Thanks to space tech, we’re closer to IoT-blockchain ubiquity for larger industries. But we must keep our eyes set on real democratization.
We’re not there yet, but good solutions are being brought to the table.
From kickstarters, to startups, to unicorns — one of the universal aspects of the high-tech business is that you’re never alone in your mission. And the more complex it is, the more likely you’re going to need alliances along the way.
Even when operating without official partners, tech, by nature, is iterative. One organization’s or individual’s efforts lay the groundwork for the next innovator or provides windows of opportunity for others. (E.g. Take for instance, the wireless charging capabilities in an iPhone or the communications networks that make it possible to ship that iPhone overnight.) When building something that seems impossible, that’s often when things get collaborative, even when there are no official project partners involved.
“After all, even Hewlett and Packard, the spiritual godfathers of the Valley, got their start building audio oscillators for Disney, a technology that was first developed more than 40 years before. More recently, well-established tech companies have spun out start-ups such as Quora, leveraging both human capital and product development experience to improve execution on pre-existing concepts. In Quora’s case, the founders were not the first to build an internet answers site (Ask Jeeves in 1996, Yahoo Answers in 2005), but instead were able to draw from their experience working at Facebook to apply a Facebook-style user interface to the well-trodden Q&A format.” — Forbes
In the case of IoT and blockchain, we are collectively on the precipice of an information revolution that nears the likes of the World Wide Web, invented in 1989 by Sir Tim Berners-Lee with democratization in mind. And while their existence and trajectory are not perfectly analogous, the web’s planned democratization provides a clear route to connective universality.
We are at this edge of IoT-blockchain ubiquity thanks to technologies like cellular satellite communications and WiFi. But what that connectivity lacks right now is accessibility — physically, tactically, and economically. Remote locations on land and sea are inaccessible, especially to those with limited budgets. To take IoT and blockchain to World-Wide-Web-levels of usefulness, what’s needed is a democratizing agent that can take the technology global, regardless of hurdles and borders.
“One of those key agents, we believe, are smallsats and the distributed storage that the Helios system is being designed to augment,” explains Scott Larson, CEO and Co-founder of Helios Wire.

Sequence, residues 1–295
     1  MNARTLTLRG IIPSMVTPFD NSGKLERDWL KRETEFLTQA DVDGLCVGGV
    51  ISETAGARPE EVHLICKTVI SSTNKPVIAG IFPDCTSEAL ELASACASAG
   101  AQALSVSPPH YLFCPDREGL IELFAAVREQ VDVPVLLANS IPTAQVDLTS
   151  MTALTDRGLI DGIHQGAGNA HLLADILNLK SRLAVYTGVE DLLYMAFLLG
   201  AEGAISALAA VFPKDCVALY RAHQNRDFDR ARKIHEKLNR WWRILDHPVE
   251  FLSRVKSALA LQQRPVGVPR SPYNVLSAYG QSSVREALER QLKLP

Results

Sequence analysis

The potential for a high-tech trifecta.
The “space is hard” mantra exists for a reason — space tech is plain difficult , while the business is highly regulated and notoriously tricky to navigate. IoT and blockchain open up even more uncharted, complex waters, and it’s at that confluence of space-IoT-blockchain where Helios Wire has carved out its niche.
Space, because of its intricacy, physics, and regulations, is inherently collaborative — at times between competing organizations and governments. And it’s a model that works. The leaps and bounds made by the space industry since the space race are clear examples of that cooperation.
With three complex industries — space, IoT, and blockchain — the challenges are manifold, yes, but the benefits are something that can provide change across potentially every industry on the planet. In fact, every individual.
“The Blockchain Internet Of Things (BIOT) market is estimated to reach USD 254.31 billion by 2026,” concludes a recent study by Aftrex Market Research. “Various benefits such as accelerated data exchange, enhanced security, and reduced cost are expected to propel the market growth.” — Aftrex Market Research
As the IoT-blockchain worlds are merging, so too are the compounded potentials for this amalgamated market. In the case of Helios, IoT and blockchain are heavily reliant upon space technology. Beyond that, there are outside factors that are helping us get closer to the democratization we’re aiming for; from software services, to device and sensor manufacturers, to the smallsat boon.
“Truly global coverage is not yet possible unless you have a sky-high budget. And even then, it’s incredibly difficult to pull off with traditional connectivity options. But given the emerging technological options at our finger tips, and others on the horizon, we’re not far off from a world that is entirely connected, with everyone having the ability to harness IoT and blockchain technology for organizational, and of course personal, needs,” explains Larson.
Each month, market reports extol the potential growth of IoT and its variants. But Helios is looking at that reported revolution from a bigger scope; one that includes not only the Ciscos and IBMs of the world, but literally everyone.
“That vision will take nonstop cooperation and iteration,” says Larson. “The Helios system is designed to work in unison with existing connectivity options like LPWAN or LoRa networks in a way that takes that connectivity further into remote areas, both on land and at sea. Similar to the way that the web is accessible via fiberoptic networks, mobile, as well as dial-up connections. But with the ability to harness all connectivity options to get the job done.”
To learn more about the Helios system, please email us: firstname.lastname@example.org
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